This Is What Sugar REALLY Does To Your Body

The recommended daily intake of sugar is just 30g, but the average person in the UK is gorging on a whopping 58.8g a day.

Eating too much sugar has long been associated with the growing obesity epidemic, but there are plenty of other worrying side effects that you might not be aware of.

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From damaging your brain to ageing your skin, the white stuff has some shocking affects on the body.

Excessive consumption can intensify depression and anxiety by causing energy spikes followed by crashes, as well as messing with the neurotransmitters that help regulate our mood.

And gorging on sugar can increases issues with blood glucose and can lead to kidney damage or type-two diabetes. And then of course there is the affect sugar has on the teeth.

Head of Dental Policy at Simplyhealth, Dr Henry Clover, said: “Every time we have something sugary to eat or drink, bacteria in our mouths feed on this sugar and produce harmful acids, which can cause tooth decay.

“It then takes our saliva around an hour to neutralise these acids and return our mouths to normal. This means the more times a day you expose your teeth to sugar, the more you increase your chances of tooth decay.”

But a worrying survey, by Simplyhealth, revealed that people in the UK would rather give up sex and Facebook for a whole year, than go a single day without sugar.

When it comes to sugar consumption, 36% of people worry about tooth loss, as well as gum disease (22%) and bad breath (19%). And while many Brits have tried to cut out sugar, few have managed to stick to it.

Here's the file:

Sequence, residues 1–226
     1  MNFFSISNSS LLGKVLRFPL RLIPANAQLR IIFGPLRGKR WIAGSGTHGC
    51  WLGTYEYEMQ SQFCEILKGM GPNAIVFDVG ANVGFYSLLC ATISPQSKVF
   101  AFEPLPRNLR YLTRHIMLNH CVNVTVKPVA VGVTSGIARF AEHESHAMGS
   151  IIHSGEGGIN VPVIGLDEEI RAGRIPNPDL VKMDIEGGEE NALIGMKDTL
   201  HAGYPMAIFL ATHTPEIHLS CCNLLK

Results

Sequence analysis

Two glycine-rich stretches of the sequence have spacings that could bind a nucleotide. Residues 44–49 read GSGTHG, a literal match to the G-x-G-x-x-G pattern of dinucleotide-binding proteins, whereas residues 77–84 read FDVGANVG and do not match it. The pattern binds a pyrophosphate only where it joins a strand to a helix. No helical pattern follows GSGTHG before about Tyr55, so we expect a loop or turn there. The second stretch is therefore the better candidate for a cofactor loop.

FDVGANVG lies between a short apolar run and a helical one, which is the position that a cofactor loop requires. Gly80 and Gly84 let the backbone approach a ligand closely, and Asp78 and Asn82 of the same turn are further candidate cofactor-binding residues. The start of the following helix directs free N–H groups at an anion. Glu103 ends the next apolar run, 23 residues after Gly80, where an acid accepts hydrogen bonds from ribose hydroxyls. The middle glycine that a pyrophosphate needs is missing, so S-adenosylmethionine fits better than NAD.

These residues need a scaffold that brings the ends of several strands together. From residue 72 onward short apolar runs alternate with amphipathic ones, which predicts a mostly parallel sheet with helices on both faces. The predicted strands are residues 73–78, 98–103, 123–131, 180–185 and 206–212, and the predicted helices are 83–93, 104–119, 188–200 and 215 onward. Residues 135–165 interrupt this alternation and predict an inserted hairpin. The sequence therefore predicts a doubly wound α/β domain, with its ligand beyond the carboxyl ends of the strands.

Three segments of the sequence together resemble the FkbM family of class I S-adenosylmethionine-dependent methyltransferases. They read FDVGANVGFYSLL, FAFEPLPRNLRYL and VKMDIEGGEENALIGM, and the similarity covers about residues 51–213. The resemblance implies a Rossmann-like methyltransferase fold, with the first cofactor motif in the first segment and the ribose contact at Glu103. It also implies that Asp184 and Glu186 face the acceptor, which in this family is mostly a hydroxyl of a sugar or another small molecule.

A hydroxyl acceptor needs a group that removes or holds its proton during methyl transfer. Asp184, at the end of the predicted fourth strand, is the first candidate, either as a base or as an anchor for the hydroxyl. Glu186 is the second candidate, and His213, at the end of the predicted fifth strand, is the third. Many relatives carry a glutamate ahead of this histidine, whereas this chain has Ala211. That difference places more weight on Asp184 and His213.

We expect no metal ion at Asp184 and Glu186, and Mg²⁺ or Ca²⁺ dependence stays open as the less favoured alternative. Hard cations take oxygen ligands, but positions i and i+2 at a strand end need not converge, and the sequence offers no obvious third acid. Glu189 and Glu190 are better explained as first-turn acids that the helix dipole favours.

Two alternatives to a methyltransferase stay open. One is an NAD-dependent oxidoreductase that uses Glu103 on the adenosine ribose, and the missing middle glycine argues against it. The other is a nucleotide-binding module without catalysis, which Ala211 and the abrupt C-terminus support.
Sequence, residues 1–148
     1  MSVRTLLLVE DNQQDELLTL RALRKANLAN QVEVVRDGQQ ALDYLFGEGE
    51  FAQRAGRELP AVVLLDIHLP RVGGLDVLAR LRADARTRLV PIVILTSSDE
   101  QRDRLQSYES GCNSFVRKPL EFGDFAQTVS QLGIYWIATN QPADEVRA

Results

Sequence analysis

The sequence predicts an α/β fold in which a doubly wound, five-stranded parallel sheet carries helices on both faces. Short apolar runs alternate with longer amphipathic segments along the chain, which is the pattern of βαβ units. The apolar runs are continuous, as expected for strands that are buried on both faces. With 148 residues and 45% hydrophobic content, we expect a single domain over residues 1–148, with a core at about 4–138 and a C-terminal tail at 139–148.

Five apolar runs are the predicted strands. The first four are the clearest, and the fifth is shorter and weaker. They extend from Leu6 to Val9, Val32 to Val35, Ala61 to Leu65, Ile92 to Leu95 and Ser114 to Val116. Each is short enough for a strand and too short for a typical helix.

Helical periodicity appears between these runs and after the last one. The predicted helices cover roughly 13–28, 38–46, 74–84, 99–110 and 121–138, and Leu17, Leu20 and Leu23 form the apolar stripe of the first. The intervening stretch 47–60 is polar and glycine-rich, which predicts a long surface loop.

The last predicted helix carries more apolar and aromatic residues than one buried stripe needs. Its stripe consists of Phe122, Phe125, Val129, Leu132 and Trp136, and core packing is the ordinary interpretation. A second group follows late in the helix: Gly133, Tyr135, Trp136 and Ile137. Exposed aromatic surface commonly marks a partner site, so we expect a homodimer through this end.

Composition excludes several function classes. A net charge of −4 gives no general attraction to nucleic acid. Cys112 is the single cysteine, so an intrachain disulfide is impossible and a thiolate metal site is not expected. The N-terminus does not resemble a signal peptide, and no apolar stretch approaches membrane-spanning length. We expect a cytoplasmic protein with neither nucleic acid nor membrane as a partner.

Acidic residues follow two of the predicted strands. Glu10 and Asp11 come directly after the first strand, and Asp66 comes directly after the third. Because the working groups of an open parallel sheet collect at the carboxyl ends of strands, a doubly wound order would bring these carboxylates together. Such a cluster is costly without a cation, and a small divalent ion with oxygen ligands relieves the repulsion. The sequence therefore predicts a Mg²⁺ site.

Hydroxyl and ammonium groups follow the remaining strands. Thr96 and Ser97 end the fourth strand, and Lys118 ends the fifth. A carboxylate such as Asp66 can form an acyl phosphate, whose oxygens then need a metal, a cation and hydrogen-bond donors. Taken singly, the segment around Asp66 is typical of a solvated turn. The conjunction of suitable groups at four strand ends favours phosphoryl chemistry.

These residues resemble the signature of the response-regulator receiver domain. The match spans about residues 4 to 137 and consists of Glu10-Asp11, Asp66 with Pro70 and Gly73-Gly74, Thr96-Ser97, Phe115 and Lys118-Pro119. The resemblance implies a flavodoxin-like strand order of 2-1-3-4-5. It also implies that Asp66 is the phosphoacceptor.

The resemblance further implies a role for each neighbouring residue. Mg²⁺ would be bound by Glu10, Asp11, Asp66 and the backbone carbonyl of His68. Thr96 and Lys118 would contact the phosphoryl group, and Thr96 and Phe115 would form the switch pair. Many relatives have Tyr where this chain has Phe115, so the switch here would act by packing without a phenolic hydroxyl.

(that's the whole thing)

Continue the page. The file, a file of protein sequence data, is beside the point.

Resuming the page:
“This research suggests that many people find going ‘cold turkey’ on sugar particularly difficult because the sudden change in lifestyle can cause mood swings, problems concentrating or low energy levels,” Dr Henry added.

“By gradually decreasing our sugar intake we are dramatically reducing the risk of oral health problems,”

So, what is the best way to quit sugar for good?

1. Cut sugar out slowly

Don’t go cold turkey, just gradually cut down on sugary snack and drinks until you’ve eliminated them entirely.

2. Eat fruit

If you’re craving something sweet trying eating some fruit first. The natal sugar might help curb your cravings and fruit is packed with vitamins and fibre.

3. Eat more often

Eat more healthy food. You are less likely to crave something sweet if you are full up.

4. Take vitamins

Take a good quality multivitamin and mineral supplement, including omega 3 fatty acids and vitamin D3

5. Incorporate good protein and good fats into every meal

It keeps you full for longer and leaves you feeling satisfied. It also controls your blood glucose levels